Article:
When it comes to handling, the Yukon wails like a toddler that isn't getting its way when pushed hard into corners. Understeer is the dominant characteristic in extreme conditions, and the 20-inch wheels and tires don't seem to help. In a straight line, however, the opposite is true. Our GMC Yukon Denali delivered a supple ride just like that of a luxury car, thanks to the Autoride suspension that incorporates electronic shocks and real-time damping. This makes the Yukon a perfect ride for long hauls.
Fun to Drive
Outside, just a few things worth noting marred build quality. The rear bumper cover that hid the trailer hitch was the worse offender, loose and exhibiting terrible fit. We also found the grille's G-M-C lettering loose and rattling, poor fit of the plastic trim pieces that flank the rear window, and slight variance of the gaps around the rear window.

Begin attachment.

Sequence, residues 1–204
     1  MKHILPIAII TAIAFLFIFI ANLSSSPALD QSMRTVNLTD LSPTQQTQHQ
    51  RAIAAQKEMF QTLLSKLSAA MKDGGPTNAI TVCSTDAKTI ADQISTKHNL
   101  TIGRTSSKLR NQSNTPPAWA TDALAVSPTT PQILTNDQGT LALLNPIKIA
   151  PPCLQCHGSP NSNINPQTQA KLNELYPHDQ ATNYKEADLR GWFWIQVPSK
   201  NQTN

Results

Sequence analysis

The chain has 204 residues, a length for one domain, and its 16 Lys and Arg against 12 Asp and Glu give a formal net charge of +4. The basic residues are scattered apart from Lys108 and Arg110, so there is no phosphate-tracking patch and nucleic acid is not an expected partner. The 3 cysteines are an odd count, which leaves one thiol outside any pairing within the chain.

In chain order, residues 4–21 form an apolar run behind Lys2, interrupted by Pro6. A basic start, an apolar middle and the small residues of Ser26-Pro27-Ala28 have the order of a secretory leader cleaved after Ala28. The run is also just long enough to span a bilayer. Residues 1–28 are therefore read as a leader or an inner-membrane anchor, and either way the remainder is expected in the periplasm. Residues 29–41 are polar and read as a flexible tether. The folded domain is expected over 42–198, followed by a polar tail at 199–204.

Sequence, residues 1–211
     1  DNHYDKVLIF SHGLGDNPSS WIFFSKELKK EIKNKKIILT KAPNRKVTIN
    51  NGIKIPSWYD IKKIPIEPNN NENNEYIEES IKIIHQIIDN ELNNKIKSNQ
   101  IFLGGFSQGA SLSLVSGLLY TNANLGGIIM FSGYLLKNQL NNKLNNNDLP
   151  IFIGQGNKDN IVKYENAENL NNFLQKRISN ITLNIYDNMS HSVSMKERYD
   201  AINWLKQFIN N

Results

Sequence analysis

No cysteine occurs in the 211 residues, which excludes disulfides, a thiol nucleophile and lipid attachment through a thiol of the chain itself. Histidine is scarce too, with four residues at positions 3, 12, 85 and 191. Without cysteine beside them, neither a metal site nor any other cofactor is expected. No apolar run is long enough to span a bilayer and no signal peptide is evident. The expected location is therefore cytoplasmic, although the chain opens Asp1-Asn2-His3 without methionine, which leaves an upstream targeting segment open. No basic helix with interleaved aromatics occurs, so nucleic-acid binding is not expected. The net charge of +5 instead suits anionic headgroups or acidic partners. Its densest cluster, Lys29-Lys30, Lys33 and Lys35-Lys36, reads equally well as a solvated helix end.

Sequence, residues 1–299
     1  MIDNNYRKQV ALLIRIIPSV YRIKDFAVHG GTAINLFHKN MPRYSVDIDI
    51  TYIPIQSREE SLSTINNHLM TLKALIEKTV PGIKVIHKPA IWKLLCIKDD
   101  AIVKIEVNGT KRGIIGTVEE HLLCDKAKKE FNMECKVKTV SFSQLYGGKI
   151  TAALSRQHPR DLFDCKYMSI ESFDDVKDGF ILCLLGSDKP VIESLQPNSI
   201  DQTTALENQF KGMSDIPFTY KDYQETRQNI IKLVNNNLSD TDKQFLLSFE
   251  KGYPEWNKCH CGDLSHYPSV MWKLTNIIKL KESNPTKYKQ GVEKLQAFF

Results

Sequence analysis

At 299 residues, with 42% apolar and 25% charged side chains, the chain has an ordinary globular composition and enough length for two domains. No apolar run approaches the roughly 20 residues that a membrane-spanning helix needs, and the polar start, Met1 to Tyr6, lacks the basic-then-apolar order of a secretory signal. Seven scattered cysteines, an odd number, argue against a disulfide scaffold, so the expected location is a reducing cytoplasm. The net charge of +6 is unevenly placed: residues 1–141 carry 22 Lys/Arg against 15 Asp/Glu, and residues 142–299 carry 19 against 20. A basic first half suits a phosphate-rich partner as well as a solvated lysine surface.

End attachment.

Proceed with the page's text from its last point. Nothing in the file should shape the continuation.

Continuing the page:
Outside, the GMC Yukon continues the luxury theme through the use of chrome accents, what appears to be custom grille work, large jeweled headlights, tinted windows, and 20-inch rims. There's also a sleekly designed roof rack integrated into the design with color-matched paint and chrome accents.
Price of Test Vehicle: $54,765 (includes $875 destination charge)
Engine Size and Type: 6.2-liter V8
Engine Horsepower: 380 at 5,500 rpm
Engine Torque: 415 lb.-ft. at 4,400 rpm
Transmission: Six-speed automatic
Curb weight, lbs.: 5,415
EPA Fuel Economy (city/highway):13/19
Observed Fuel Economy: 11.5 mpg
Length: 202 inches
Width: 79 inches
Wheelbase: 116 inches
Height: 76.8 inches
Leg room (front/rear): 41.3/39.0 inches
Head room (front/rear): 41.1/39.2 inches